Part Six

Operations: Overlaying Tactical Alternatives


Chapter 13

Country Evaluation and Selection





!          Discuss company strategies for sequencing the penetration of countries and for committing resources.

!          Explain how clues from the environmental climate can help managers limit geographic alternatives.

!         Examine the major variables a company should consider when deciding whether and where to expand abroad.

!          Provide an overview of methods and problems when collecting and comparing information internationally.

!          Describe some simplifying tools for determining a global geographic strategy.

!          Introduce how managers make final investment, reinvestment and divestment decisions.



Chapter Overview


The country evaluation and selection process determines the geographical opportunities firms choose to pursue. Chapter 13 first discusses the challenges of marketing and production site location. It goes on to carefully examine the process by describing the choice and weighting of variables used for opportunity and risk analysis as well as the inherent problems associated with data collection and analysis. The chapter then introduces the use of grids and matrices for country comparison purposes, discusses resource allocation possibilities and concludes by noting the different factors considered as part of start-up, acquisition and expansion decisions.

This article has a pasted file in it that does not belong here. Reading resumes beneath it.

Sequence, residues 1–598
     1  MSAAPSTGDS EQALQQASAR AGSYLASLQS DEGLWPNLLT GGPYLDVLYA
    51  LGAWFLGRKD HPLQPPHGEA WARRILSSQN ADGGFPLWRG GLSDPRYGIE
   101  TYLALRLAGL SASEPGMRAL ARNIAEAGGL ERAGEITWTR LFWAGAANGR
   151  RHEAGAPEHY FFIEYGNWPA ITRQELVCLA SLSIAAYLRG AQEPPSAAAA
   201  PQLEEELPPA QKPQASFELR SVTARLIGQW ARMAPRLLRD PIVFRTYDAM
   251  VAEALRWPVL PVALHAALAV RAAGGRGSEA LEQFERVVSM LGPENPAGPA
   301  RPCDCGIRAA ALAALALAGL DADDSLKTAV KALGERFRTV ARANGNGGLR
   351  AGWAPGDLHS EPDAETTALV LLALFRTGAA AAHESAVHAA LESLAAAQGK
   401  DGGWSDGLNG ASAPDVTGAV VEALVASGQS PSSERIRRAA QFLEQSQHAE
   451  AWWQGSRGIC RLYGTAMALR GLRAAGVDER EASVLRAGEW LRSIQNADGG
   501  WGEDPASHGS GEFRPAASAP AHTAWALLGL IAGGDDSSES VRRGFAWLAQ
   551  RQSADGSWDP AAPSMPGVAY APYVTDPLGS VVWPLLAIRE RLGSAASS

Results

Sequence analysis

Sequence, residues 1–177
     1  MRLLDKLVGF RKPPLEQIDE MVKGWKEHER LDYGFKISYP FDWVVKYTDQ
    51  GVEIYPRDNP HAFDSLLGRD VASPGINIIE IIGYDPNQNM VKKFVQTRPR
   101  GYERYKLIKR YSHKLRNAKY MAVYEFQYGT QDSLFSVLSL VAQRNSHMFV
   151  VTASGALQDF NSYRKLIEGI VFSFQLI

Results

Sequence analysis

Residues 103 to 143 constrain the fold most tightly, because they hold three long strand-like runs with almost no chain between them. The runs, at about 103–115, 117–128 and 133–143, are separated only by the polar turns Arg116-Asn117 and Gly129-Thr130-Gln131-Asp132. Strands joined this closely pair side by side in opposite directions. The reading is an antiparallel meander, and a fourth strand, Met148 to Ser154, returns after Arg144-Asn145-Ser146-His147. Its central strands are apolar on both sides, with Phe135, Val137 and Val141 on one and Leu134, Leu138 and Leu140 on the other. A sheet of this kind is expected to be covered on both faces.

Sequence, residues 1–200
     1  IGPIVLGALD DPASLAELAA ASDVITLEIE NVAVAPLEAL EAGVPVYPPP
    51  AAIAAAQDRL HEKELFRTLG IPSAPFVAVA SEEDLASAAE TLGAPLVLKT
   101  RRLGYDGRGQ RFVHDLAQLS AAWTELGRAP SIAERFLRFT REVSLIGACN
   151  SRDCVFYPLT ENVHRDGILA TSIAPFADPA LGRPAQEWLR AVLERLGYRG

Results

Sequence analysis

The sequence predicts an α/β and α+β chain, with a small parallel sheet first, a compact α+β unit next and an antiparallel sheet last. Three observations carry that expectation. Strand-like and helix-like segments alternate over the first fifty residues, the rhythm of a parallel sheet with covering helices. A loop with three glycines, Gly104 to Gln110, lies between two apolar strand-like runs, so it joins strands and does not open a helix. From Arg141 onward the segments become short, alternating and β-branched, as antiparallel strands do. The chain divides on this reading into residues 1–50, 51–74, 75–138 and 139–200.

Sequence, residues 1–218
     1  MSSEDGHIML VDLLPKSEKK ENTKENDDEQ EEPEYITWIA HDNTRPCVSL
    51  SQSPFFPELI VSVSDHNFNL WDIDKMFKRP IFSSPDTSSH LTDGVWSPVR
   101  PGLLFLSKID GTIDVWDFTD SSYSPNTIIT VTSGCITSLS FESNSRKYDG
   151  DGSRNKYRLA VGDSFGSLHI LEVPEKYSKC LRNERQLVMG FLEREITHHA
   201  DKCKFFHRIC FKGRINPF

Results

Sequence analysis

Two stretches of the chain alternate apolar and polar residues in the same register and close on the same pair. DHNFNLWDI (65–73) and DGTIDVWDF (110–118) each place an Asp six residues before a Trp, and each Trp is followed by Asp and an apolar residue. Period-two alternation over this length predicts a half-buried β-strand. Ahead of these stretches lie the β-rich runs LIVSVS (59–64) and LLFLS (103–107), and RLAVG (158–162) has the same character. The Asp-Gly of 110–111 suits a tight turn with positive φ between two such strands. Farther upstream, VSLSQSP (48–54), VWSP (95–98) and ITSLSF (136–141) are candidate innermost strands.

Chapter Outline


OPENING CASE: Carrefour [See Figure 13.1, Map 13.1]

This case explores the location, pattern and reasons for Carrefour’s international operations. Carrefour opened its first store in 1960 and is now the largest retailer in Europe and Latin America and the second largest worldwide. Its stores depend on food items for nearly 60 percent of sales and on a wide variety of non-food items for the remainder. Worldwide Carrefour has five different types of outlets: hypermarkets, supermarkets, hard discount stores, cash-and-carry stores and convenience stores. Country selection criteria include a country’s economic evolution, sufficient size to justify additional store locations and the availability of a viable partner. Aside from financial resources, Carrefour brings to a partnership expertise on store layout, clout in dealing with global suppliers, highly efficient direct e-mail links with suppliers and the ability to export unique bargain items from one country to another. Recently, Carrefour has used acquisition as a way to capture additional scale economies. Carrefour depends primarily on locally produced goods but also engages in global purchasing when capable suppliers are found. Whether Carrefour can ultimately succeed as a global competitor without a significant presence in the U.S. and the U.K. remains to be seen.